Mention of our trip to Gili Meno always invokes memories of quiet, clean beaches and a relaxed pace of life that I sometimes miss, living in KL. We were exhausted after a year of work, school, study and the haze; we needed to get away. I’m not sure how I discovered Gili Meno, but I had heard that the Gilis were the place to go.
We flew to Lombok and had a couple of action packed days scouring the island. From Lombok, we decided to take the public ferry from Bangsal Harbour. Stupidly, we assumed the ferry would leave on time – of course it didn’t – it leaves when it’s full, and we missed it, which left us in a precarious position of being stranded on a beach full of fishing boats and locals looking to make some tourist dollars. We were ripe for the picking.
We were taken by surprise by the noise and the commotion as men grabbed at our children and bags. We stood trying to work out which to tackle first, getting the kids back or the bags. Luckily for us our taxi driver stepped in and spirited us all to a private ferry – self appointed porters and bags in tow. Feeling a little outnumbered, we managed to retrieve our bags and our children, and got off the beach looking like we had been caught in a tornado. That was the beginning and the end of the high drama. From then on in, it was plain sailing and fair weather.
Gili Meno is the ideal place to unwind. No jet skis or para sailing, but if that is your thing, look to Gili Trawangan, I hear that’s the party isle. The only modes of transport are horse and cart, bicycle, or as my mother would say, shanks’ pony (walking). This means less noise, less pollution and much less speed. The island is small enough to walk around, and while the landscape may not be lush and the trees small, it seemed to fit the feeling of openness and tranquility on the island. A perfect option for this family.
We spent our time meandering around the island, snorkelling from the beach or taking a local fishing boat to snorkel with turtles. We plonked ourselves down at one of the beach side warungs, which came equipped with deck chairs and cabanas, and would lull the day away. This was also the perfect option for lunch and dinner. The food was super fresh, simple and delicious, and of course, the beer and lime juice always cold. We did venture off on one occasion for a pizza at one of the hotels further down the beach, but generally we stayed clear of the small cluster of stylish beach side hotels and accompanying restaurants. The local food is not to be sniffed at, especially considering you are eating fresh fish for a fraction of the price of here in KL.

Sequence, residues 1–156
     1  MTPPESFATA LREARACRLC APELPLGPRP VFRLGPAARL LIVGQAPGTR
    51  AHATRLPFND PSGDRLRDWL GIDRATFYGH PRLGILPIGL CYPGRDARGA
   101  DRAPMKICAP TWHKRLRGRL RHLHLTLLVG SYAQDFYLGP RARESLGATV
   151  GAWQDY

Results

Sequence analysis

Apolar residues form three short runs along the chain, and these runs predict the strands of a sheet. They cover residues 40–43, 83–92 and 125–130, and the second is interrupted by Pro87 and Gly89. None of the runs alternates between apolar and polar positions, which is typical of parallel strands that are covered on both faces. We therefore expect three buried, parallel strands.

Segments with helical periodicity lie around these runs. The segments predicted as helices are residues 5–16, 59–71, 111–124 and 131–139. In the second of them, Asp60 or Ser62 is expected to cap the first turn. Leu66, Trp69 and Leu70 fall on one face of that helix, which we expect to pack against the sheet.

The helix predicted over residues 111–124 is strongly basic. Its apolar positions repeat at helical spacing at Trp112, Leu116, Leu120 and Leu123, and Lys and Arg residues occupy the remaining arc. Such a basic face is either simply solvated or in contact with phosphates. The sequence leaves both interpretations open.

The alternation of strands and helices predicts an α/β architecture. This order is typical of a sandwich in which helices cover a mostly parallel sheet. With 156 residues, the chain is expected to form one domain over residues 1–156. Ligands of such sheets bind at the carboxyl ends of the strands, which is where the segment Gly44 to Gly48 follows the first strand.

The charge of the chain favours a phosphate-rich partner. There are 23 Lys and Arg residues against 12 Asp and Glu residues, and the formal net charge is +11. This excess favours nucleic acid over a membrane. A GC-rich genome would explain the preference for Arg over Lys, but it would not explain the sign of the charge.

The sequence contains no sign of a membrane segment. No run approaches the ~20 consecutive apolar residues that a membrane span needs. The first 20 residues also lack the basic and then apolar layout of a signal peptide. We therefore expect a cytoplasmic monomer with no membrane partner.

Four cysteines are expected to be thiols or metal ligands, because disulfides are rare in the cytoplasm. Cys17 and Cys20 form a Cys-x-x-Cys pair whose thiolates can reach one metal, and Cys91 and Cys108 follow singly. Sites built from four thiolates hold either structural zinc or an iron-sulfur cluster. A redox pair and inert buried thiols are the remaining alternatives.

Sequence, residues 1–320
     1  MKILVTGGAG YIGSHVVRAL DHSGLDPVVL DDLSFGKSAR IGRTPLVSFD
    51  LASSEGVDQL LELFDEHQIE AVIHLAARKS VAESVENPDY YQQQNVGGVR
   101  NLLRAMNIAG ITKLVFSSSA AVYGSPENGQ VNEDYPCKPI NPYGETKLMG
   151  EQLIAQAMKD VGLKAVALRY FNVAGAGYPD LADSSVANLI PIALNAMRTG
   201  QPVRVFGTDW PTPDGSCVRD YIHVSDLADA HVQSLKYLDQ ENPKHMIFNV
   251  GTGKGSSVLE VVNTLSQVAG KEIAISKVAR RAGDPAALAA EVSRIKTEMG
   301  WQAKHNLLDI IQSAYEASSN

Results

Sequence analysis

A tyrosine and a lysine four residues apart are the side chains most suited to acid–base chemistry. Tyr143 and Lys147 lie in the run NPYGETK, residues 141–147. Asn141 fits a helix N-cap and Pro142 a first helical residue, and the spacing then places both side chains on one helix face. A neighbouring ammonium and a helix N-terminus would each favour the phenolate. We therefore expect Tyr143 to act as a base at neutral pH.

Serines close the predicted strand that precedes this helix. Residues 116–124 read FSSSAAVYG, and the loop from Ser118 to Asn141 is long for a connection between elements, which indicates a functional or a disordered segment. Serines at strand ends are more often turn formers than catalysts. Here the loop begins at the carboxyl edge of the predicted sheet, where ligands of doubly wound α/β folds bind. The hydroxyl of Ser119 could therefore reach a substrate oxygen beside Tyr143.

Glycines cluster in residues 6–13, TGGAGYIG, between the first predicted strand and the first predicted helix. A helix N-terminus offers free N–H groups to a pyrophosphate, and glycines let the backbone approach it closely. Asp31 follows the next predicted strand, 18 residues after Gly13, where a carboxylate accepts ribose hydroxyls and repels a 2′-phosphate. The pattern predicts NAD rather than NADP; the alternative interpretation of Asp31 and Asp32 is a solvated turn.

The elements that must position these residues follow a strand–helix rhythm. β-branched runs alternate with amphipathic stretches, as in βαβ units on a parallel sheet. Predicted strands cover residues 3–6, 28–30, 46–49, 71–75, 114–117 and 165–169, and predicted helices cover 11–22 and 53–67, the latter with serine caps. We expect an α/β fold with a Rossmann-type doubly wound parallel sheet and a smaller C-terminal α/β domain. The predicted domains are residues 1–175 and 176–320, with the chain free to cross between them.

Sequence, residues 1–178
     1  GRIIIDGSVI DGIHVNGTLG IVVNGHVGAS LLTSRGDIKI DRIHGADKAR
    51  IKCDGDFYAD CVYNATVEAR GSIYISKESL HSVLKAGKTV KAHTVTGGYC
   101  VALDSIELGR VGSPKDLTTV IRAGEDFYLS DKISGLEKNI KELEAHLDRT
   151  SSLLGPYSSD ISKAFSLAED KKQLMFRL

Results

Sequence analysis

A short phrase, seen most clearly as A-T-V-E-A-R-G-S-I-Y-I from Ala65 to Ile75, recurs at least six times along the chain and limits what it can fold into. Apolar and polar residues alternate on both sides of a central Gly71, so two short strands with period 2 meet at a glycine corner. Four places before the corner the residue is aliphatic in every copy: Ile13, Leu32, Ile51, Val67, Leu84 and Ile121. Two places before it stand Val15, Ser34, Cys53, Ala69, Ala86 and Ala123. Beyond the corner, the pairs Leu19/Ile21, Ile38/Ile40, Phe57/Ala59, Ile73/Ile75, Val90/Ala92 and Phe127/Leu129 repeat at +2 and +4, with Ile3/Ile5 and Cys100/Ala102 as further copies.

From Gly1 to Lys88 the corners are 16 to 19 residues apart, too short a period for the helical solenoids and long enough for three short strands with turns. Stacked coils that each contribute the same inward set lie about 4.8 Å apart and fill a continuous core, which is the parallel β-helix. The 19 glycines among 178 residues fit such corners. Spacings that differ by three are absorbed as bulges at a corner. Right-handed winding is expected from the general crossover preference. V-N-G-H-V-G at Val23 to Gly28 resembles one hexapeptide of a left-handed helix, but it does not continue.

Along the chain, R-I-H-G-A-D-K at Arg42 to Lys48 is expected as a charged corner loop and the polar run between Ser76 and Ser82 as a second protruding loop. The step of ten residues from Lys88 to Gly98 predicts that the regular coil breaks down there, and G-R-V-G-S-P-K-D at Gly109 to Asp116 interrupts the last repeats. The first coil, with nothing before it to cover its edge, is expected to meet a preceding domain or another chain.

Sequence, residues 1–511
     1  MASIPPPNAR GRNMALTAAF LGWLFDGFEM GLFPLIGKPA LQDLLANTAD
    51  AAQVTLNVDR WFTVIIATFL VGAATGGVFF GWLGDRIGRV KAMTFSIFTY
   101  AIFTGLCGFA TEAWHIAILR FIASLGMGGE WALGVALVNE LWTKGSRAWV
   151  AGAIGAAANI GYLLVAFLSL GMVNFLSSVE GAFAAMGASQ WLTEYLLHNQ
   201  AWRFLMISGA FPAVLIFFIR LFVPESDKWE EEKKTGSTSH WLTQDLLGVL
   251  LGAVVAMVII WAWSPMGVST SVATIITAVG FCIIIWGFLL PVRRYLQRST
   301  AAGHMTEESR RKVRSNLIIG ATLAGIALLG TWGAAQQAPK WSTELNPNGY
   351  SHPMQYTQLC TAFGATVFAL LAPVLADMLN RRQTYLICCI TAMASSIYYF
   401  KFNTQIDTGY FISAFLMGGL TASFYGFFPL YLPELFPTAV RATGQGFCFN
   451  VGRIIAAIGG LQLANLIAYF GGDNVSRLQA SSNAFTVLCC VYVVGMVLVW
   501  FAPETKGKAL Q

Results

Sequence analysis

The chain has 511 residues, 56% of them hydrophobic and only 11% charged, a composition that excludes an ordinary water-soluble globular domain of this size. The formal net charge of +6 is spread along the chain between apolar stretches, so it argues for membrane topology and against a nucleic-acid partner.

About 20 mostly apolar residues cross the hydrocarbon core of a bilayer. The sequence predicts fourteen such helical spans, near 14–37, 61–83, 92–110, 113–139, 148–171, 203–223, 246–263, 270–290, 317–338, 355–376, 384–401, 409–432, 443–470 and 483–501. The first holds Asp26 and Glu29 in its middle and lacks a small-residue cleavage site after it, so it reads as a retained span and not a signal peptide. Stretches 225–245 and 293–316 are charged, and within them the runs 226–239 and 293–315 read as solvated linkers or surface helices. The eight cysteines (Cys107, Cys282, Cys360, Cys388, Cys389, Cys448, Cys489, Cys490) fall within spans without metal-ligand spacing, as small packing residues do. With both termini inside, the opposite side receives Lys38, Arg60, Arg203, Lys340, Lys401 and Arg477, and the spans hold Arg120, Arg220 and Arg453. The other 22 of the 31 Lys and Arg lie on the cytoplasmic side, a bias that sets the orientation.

The sunsets are breathtaking, the ocean is crystal clear and the white sandy beaches are clean. As for the locals, they are gentle and relaxed. It wasn’t long before we knew everyone on our borrowed strip of paradise, and they knew us. If you are looking for an escape and are happy to watch the men return from fishing with their catch or the local women gathering shellfish in the cool of the evenings, where WiFi is available, but on island time, and life is unhurried, then Gili Meno is the place for you.
Accommodation on Gili Meno
Again, we opted for peace and quiet for our accommodation and chose Adeng-Adeng Bungalows. Adeng-Adeng translates as slowly-slowly. The accommodation is a handful of beautiful Gaudiesque garden bungalows set amongst a landscaped garden of waterways and native plants.
Our bungalow was very tastefully decorated, and a great deal posher than your usual beach side chalet, but it’s no spa resort. It came without a TV (major bonus) but did have a projector and DVDs if you felt the need to curl up for a movie. It also had books, buckets and spades, and magazines for you to laze the day away with, and was large enough to accommodate a family of 4, very comfortably. We had an outdoor salt water plunge pool and shower, which added to the sense of isolation. Adeng-Adeng is not technically on the beach, but the beach is at the end of a short driveway; a two minutes walk and you are there. Breakfast included fresh juices and a choice of eggs or pancakes. Modest, but again fresh and delicious. As I said earlier, we preferred to eat locally at the beach side warungs, for lunch and dinner; inexpensive, fresh, and well, just yum.
Remember to take cash. There is an ATM on the island, but it really is a ‘hole in the wall’ machine: the wall being a bit of shoddily poured concrete. If you want to snorkel or eat on the beach, cash is the way to go.
Getting to and from Gili Meno
Lombok is not the only way to the Gilis. There are also a couple of options for a ferry from Bali, another fantastic destination (I’ll save that for another time).
The owners of Adeng-Adeng very graciously organised a fast ferry back to Lombok for us and we had contacted our taxi driver to meet us. It saved a lot of hassle, but was double the price. After our initial experience, we were only too happy to pay it.
A note on animal welfare
I have read a few articles on mistreatment of horses on the Gili islands, but I didn’t witness any. In my experience this was not the sense I got from the people of Gili Meno. What I saw were people working with animals to make a living, as people have done for centuries. The horses all appeared well fed and well cared for, but this is only my observation.